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Questions for Dr. Kennedy
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stroke recovery
Posted by: Janet
Date: March 20, 2004 10:31 PM

You have mentioned that hydrogen peroxide can help reverse some of the damage left over by a stroke if instituted early enough. How long is early enough? How long is too late? My husbands stroke occurred on 6th March 04. It is a moderate stroke and he has recovered partially. Is hydrogen peroxide treatment given in an IV? How much and how often? Can it be alternated with chelation? Will he get his speech back and fine motor movement with hydrogen peroxide if instituted soon? I have heard DSMO added to H2O2 also helps. Can you tell me about this and where it can be obtained if recommended?

RE: stroke recovery
Posted by: Ron Kennedy, M.D.
Date: March 21, 2004 12:49 AM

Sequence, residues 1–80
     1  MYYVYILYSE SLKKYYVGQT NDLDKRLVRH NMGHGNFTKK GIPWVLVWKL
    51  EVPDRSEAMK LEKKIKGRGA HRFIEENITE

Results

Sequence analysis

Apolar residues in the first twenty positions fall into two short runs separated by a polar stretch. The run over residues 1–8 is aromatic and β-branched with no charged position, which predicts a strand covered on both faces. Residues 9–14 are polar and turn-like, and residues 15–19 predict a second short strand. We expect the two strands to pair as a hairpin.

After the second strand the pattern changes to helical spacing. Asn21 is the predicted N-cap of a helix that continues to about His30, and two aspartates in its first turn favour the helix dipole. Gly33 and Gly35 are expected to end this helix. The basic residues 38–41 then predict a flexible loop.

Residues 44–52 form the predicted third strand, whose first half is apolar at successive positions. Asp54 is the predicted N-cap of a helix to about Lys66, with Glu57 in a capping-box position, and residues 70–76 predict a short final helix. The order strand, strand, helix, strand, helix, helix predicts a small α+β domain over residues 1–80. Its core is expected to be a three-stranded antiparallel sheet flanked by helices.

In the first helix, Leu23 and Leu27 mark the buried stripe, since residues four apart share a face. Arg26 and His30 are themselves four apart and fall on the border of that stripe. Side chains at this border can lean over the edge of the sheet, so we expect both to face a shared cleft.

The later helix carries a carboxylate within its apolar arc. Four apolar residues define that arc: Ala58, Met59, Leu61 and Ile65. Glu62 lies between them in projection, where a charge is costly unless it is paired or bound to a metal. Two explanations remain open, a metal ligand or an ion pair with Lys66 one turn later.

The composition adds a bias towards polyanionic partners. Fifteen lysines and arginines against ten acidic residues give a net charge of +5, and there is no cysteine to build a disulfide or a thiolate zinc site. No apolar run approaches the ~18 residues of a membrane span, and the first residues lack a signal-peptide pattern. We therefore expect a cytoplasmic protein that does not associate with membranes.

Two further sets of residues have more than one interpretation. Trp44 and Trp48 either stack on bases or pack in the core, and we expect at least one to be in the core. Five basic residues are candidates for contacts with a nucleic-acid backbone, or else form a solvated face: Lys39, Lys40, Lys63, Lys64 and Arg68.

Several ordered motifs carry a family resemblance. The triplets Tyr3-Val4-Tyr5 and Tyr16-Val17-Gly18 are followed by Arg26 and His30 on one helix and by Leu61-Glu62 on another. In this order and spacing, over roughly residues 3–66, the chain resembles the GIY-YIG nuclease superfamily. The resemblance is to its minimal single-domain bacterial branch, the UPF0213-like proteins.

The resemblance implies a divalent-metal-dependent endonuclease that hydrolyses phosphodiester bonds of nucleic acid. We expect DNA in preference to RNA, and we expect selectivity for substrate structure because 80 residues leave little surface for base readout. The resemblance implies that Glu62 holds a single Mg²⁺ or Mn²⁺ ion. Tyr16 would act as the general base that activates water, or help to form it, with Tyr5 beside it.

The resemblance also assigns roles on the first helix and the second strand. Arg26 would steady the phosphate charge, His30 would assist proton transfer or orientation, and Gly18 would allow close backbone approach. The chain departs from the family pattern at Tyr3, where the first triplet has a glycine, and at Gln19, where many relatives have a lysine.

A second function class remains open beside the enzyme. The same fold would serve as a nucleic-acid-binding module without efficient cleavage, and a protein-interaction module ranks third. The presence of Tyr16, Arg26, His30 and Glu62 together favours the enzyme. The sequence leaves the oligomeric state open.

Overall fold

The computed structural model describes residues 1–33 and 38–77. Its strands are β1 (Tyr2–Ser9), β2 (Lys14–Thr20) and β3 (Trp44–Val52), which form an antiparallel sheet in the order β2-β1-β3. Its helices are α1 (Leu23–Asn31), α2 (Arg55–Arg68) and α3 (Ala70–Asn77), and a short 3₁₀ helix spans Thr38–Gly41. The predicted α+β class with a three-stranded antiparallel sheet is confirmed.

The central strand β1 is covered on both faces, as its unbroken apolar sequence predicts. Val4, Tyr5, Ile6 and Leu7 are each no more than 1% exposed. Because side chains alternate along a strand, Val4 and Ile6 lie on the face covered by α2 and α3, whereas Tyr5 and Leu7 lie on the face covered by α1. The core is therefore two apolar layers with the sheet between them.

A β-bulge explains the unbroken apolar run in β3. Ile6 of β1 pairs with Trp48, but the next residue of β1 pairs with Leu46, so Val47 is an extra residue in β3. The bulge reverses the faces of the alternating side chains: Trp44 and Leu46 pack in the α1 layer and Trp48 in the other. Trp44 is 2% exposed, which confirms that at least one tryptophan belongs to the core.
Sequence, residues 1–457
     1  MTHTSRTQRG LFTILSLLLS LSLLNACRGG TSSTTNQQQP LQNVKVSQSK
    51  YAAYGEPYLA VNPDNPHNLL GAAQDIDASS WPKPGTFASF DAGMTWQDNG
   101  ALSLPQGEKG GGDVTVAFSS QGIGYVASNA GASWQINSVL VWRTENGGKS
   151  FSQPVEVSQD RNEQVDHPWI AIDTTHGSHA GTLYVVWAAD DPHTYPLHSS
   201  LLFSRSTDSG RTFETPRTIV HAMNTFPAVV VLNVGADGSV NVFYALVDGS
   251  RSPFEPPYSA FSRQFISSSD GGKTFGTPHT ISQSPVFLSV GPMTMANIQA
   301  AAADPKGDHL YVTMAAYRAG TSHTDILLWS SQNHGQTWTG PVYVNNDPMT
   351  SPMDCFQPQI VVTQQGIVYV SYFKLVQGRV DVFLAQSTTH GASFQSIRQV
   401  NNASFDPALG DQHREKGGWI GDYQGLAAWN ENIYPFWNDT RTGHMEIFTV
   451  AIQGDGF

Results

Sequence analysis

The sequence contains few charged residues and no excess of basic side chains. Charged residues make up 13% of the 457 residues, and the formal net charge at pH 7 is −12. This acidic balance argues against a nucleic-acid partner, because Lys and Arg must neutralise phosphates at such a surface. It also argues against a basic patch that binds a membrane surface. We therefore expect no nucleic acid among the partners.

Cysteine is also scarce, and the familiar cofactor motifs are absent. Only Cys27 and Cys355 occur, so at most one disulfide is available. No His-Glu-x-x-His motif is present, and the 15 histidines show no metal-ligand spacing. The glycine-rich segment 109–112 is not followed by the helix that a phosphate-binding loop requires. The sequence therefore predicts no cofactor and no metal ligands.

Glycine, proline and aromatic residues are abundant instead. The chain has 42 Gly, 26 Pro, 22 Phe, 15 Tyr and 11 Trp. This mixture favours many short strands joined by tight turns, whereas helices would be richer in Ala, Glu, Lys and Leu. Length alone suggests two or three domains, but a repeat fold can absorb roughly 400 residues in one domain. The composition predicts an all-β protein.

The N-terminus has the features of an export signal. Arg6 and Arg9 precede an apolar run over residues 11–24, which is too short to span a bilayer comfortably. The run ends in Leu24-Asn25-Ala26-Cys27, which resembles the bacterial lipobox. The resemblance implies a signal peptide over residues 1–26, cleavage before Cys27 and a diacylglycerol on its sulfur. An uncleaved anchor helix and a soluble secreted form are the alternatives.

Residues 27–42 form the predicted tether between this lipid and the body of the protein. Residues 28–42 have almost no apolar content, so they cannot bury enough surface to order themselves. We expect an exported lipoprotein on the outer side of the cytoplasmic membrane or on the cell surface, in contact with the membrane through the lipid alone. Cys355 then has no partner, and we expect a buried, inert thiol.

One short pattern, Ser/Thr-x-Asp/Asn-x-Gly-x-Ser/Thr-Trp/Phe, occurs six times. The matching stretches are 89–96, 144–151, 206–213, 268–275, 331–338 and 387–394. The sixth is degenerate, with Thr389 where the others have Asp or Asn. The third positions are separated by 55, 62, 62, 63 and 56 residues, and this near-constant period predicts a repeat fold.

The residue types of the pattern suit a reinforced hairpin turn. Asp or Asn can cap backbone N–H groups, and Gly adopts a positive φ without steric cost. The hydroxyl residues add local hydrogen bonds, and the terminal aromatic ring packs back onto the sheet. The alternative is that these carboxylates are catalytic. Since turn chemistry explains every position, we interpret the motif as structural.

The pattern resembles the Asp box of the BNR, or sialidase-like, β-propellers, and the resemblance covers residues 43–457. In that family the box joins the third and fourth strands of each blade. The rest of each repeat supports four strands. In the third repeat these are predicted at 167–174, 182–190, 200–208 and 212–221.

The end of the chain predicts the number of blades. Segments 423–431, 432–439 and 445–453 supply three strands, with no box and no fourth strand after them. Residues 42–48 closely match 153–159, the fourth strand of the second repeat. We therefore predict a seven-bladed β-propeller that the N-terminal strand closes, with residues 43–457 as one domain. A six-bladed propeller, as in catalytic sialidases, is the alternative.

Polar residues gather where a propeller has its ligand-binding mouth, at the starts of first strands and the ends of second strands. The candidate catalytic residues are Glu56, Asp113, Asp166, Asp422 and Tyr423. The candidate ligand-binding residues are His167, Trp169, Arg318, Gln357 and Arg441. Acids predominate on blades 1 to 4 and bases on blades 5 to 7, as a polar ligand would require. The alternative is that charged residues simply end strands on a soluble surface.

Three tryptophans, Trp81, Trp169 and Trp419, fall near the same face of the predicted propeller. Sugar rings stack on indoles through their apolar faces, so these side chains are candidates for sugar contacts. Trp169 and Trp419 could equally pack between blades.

There are two important factors in recovery from stroke: blood rheology (flow characteristics) and oxygen delivery. After a stroke there may be a central necrotic (dead) zone which will never recover and a peripheral zone (called a penumbra) which could be described as a surrounding area of brain tissue which is not dead, but rather asleep. The point of therapy is to awaken, sort of "kick-start" this penumbra. Deliver of a high concentration of oxygen is vital to any recovery which might happen from nature alone. Recovery is often complete which means that there was never a central necrotic zone (it was all penumbra). In your place I would seek a doctor who could offer hyperbaric oxygen, IV hydrogen peroxide and DMSO. (DMSO helps the rheology of the blood.) I would also hope to find a doctor who understands fibrinogen monomeres and has a dark field microscope with which to identify them. If present (and they almost always are in people with strokes), these should be handled with oral protease and perhaps heparin as well. Also, the red blood cells of people who have stokes are typically seen by dark field microscope to be clumping and stacking together. This inhibits the release of oxygen and must be corrected for the best therapeutic result. (People with this condition have cold hands and feet as the red cells cannot release not only their oxygen, but their heat as well.) As far as a time limit goes, obviously the sooner the better, however it is never too late to give up hope due to the probability of the existence of a penumbra even years after a stroke.



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